Hannah Testani: One central issue is that our customers are being forced to diversify across their supply chains, between their manufacturing and their transportation carriers. If a customer was previously sourcing their manufacturing solely from China, they’re now also manufacturing in Taiwan, Vietnam, or Latin America because they feel they have to. The easy button for many of our customers used to be to source their transportation with as few transportation carriers as possible. But after the recent disruptions, they have diversified their carrier mixes. Nodes have multiplied. Supply chains have become more complex, and so it can be much harder to keep your finger on their pulse.

If you can’t process your data and understand what it means, then you can’t understand the nature of your supply chain spend.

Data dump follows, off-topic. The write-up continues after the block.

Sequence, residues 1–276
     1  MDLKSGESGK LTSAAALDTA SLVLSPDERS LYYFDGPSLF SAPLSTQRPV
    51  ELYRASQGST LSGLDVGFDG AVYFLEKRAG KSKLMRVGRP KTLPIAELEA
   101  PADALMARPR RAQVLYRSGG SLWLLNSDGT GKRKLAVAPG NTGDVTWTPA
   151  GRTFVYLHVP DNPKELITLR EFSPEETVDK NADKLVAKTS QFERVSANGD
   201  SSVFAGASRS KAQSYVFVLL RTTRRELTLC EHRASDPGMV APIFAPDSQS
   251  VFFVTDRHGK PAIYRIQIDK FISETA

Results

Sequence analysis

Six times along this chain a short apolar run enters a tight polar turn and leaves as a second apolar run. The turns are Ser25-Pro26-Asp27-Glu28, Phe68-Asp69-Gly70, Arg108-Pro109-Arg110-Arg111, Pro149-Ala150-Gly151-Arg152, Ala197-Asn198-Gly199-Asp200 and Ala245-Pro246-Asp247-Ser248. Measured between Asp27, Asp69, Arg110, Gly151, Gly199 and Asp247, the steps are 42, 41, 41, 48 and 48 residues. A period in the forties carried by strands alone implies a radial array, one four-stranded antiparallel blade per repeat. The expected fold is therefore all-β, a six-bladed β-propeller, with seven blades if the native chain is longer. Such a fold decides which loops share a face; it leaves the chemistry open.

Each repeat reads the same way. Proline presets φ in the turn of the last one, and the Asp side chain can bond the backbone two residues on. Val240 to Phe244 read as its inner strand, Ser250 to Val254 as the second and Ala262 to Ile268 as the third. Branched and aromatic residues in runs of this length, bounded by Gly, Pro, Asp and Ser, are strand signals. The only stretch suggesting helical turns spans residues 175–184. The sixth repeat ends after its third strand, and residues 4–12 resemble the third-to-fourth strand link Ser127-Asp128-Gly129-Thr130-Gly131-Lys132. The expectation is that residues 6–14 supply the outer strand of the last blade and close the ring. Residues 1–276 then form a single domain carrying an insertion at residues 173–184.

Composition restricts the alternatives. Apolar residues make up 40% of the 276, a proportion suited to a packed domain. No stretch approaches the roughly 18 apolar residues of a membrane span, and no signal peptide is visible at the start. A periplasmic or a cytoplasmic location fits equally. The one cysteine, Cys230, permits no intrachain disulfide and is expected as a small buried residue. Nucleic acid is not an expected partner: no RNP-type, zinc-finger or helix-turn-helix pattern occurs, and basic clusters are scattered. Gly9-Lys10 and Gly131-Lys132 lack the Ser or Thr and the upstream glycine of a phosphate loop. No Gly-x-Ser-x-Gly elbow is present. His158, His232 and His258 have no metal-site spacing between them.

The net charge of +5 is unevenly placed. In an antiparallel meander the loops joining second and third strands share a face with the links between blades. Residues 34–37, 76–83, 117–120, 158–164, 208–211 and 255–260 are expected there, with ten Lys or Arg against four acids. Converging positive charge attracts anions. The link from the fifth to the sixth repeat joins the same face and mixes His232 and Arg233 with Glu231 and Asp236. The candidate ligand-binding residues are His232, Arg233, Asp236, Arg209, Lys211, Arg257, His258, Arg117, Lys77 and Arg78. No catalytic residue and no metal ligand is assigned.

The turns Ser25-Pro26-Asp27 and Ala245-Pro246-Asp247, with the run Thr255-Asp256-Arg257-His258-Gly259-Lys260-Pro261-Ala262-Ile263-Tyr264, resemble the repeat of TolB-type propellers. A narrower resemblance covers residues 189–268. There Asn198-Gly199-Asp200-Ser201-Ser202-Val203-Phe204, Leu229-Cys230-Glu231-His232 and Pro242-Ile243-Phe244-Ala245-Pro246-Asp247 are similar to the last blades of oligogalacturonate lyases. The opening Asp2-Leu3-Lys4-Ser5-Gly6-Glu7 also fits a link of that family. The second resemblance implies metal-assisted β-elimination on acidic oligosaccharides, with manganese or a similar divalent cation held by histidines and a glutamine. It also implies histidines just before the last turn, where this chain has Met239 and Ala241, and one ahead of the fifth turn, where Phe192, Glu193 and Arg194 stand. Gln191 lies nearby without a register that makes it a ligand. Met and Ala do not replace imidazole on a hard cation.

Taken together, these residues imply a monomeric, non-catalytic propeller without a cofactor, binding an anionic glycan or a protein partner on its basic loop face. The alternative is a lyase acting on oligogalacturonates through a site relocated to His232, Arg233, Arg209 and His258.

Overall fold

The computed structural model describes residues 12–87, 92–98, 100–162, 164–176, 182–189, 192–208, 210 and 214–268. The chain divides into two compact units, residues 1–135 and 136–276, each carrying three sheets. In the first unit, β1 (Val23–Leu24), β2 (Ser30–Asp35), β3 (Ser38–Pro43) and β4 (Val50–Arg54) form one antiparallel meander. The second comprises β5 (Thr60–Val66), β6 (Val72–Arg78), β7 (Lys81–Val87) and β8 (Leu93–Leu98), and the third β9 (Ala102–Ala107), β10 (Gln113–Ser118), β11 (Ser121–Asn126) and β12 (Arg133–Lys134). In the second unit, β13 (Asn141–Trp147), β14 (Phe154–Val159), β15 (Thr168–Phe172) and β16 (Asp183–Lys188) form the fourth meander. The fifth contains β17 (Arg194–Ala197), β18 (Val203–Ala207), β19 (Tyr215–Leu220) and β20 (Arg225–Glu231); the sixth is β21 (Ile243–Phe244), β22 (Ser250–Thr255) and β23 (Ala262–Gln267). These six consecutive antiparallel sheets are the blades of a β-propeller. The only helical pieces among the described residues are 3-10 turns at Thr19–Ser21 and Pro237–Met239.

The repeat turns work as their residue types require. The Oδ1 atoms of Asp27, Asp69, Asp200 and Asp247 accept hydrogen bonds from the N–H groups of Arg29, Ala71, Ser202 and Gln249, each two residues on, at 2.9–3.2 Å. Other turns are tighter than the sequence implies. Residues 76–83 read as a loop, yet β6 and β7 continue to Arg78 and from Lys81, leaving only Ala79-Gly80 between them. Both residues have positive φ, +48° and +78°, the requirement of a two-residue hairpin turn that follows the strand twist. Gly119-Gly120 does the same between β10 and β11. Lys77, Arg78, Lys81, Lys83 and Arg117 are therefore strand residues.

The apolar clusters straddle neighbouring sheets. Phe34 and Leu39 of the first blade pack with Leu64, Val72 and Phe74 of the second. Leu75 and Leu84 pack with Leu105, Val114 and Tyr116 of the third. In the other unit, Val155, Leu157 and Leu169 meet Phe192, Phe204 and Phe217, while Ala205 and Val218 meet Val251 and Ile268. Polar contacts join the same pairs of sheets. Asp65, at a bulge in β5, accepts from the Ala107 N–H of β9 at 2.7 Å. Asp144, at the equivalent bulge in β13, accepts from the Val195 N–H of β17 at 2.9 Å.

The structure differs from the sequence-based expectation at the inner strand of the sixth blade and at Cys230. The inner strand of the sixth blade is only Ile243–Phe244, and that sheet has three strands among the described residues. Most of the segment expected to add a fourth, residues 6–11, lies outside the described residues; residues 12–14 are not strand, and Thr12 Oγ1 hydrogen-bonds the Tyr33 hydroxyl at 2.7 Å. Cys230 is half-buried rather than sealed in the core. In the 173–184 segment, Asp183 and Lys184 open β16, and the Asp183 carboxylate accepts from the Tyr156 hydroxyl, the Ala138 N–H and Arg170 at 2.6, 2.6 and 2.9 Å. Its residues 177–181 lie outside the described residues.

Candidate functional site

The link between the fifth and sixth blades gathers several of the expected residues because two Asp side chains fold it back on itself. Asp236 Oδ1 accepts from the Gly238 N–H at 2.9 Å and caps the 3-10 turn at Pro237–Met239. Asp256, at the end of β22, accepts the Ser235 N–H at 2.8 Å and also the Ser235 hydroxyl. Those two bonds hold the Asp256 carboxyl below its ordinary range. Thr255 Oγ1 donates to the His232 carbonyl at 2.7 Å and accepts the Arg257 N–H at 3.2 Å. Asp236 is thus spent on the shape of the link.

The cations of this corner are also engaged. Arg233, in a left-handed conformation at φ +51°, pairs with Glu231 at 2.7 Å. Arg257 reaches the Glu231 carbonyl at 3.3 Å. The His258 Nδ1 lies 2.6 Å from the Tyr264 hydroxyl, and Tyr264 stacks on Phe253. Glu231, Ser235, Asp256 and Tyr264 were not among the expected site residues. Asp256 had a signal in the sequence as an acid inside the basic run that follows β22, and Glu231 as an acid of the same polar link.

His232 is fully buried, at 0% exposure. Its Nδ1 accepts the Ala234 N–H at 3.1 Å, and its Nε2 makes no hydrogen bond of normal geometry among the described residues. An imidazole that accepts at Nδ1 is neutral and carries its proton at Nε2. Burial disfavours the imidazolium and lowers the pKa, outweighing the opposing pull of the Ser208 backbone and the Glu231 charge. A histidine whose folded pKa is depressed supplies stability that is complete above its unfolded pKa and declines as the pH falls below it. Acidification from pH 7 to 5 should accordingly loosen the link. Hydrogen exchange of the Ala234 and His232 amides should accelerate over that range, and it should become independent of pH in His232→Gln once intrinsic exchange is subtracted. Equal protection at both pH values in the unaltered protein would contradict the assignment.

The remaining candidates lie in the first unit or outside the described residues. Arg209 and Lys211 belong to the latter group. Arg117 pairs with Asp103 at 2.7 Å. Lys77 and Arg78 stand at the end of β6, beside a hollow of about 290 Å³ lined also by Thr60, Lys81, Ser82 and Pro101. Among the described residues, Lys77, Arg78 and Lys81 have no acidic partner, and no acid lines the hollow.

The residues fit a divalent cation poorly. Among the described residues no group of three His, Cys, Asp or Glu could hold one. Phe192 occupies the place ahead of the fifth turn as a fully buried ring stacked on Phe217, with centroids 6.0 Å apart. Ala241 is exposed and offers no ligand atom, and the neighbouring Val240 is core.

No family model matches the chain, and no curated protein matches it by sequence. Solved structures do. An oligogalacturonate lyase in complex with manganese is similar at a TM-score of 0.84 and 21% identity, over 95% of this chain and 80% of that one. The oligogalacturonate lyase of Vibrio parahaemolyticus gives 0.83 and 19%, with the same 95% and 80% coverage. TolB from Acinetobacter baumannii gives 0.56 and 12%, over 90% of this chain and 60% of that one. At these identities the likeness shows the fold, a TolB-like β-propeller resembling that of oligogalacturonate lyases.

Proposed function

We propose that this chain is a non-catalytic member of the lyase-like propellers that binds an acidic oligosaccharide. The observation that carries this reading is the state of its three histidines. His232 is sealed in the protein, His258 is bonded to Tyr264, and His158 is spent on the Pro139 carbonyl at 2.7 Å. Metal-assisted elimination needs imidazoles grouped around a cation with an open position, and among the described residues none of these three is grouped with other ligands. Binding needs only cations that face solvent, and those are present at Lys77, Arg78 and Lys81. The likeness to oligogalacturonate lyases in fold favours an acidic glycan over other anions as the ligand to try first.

The upshot is that, because of how complicated things have become, the amount of noise has grown exponentially. If you look at other big industries with this amount of data—like finance and banking—they are light years ahead of where we are in transportation. So many companies in our industry still rely on paper bills of lading to run their supply chains. To supplement the paper documents, they might use an Excel file, which can’t support that much information. What this means is there’s a lot of garbage data out there. If you can’t process your data and understand what it means, then you can’t understand the nature of your supply chain spend. It’s impossible to save money in an area you can’t properly measure.

McKinsey: How do you approach problem solving?